Here’s my edited version:

Robin Ellacott woke with the certain knowledge that she would remember the coming day for as long as she lived.

Justification: One should draw the reader in as fast as possible. This straightforward edit does this by directly raising the question in the reader’s mind: why? Rowling’s version obscures this question by confusing the reader with tense switching, needless information, and excessive words. (I kept the awkward past/future thing, because I wanted the edit to be an actual edit and not a rewrite).

She has the whole rest of the book to let her prose get fancy (and confusing).

Moving on:

Shortly after midnight, her long-term boyfriend, Matthew, had proposed to her under the statue of Eros in the middle of Piccadilly Circus. In the giddy relief following her acceptance, he confessed that he had been planning to pop the question in the Thai restaurant where they just had eaten dinner, but that he had reckoned without the silent couple beside them, who had eavesdropped on their entire conversation.

At this point, I was a little concerned the entire book would be in past perfect (sometimes continuous) tense. She wrote the prologue this way and then several pages of the first chapter in this tense. She needs to switch to simple past already. It’s beyond tiring.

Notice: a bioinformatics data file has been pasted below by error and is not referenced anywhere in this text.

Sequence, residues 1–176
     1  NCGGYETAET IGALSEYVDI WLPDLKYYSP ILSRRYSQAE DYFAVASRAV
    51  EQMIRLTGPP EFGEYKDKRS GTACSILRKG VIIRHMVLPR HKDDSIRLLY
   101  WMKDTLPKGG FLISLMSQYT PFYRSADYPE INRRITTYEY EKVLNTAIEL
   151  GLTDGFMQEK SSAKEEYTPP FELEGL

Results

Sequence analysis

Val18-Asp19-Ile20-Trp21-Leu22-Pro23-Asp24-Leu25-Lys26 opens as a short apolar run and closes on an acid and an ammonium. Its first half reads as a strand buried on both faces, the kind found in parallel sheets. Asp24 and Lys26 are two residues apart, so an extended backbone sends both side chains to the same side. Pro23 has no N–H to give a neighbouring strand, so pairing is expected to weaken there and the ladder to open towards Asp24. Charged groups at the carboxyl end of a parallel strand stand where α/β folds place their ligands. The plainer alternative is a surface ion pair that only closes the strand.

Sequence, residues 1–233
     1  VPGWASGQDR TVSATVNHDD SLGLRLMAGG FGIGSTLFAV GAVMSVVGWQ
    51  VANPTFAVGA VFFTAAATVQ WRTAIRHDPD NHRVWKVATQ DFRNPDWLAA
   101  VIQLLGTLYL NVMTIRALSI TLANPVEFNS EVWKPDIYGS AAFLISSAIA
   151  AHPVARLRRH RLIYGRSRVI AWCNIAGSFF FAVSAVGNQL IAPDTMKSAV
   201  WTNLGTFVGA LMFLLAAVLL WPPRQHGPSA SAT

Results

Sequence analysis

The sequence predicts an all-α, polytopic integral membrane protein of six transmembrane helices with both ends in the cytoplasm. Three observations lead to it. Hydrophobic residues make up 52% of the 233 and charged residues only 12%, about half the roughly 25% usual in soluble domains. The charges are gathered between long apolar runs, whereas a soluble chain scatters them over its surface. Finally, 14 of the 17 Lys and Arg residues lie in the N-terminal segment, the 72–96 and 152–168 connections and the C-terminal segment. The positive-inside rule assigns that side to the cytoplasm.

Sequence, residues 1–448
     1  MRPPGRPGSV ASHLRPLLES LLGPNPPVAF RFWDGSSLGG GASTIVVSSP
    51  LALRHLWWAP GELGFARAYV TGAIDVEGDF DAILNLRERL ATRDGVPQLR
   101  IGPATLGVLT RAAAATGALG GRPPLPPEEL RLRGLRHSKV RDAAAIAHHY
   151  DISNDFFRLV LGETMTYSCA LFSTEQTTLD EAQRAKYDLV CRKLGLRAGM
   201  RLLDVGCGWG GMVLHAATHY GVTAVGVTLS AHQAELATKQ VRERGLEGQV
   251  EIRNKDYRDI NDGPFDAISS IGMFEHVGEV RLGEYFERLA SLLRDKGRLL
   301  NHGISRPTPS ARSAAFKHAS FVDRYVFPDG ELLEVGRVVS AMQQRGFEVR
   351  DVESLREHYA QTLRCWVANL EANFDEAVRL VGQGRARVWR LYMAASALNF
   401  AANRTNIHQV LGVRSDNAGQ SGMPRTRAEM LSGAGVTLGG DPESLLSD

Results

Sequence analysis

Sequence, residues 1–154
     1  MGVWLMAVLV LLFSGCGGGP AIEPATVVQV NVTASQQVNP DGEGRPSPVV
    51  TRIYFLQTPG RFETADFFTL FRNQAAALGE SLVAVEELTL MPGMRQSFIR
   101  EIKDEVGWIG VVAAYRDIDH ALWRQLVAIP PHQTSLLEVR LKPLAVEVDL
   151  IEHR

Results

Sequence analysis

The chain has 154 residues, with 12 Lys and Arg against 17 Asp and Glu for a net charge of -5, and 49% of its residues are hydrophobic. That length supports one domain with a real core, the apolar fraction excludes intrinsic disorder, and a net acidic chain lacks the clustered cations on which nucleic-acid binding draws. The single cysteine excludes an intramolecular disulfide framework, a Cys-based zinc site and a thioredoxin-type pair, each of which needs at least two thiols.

Because of the confusing nature of the first sentence and now awkward tense usage, it’s unclear to me if this proposal is the day she’ll remember forever or if it referred to the next day.

Everything is so wordy and passive: “that he had been,” “just had eaten dinner,” etc. For example, remove “just had eaten dinner” completely. This is doubled information. They were at a Thai restaurant shortly before midnight. It’s obvious they went there for dinner.

This might be a British idiom, but there seems to be a clause missing in the second sentence (despite it being more than double the length it should be). Again, the gist is there. He would have proposed if it weren’t for the silent couple eavesdropping on them. Honestly, the words, as written, don’t say that. Read the sentence carefully several times. I can’t make sense of it. I think it’s actually a sentence fragment.

Here’s my rewrite:

Shortly after midnight, her long-term boyfriend, Matthew, proposed to her under the statue of Eros in the middle of Piccadilly Circus. He confessed he would have popped the question in the Thai restaurant—if only the silent couple beside them weren’t eavesdropping on their entire conversation.

Obviously this new version isn’t perfect, but these simple readability changes show how far Rowling has to go to get from her “final draft” to solid prose style. Later, the narrator calls the proposal “the most perfect.” What does that mean? There aren’t levels of perfection. I think it’s supposed to be in Robin’s voice, but then the early narrative omniscience makes no sense.

If this is how Rowling writes for adults, no one can say she is a good writer. These first two chapters are confusing on a sentence-by-sentence level, all over the place in terms of tense and viewpoint, and messy in terms of prose style. She lacks the precision, clarity, and readability of any reasonably mature writer. Unless chapter two is vastly better, I don’t think I can read this book.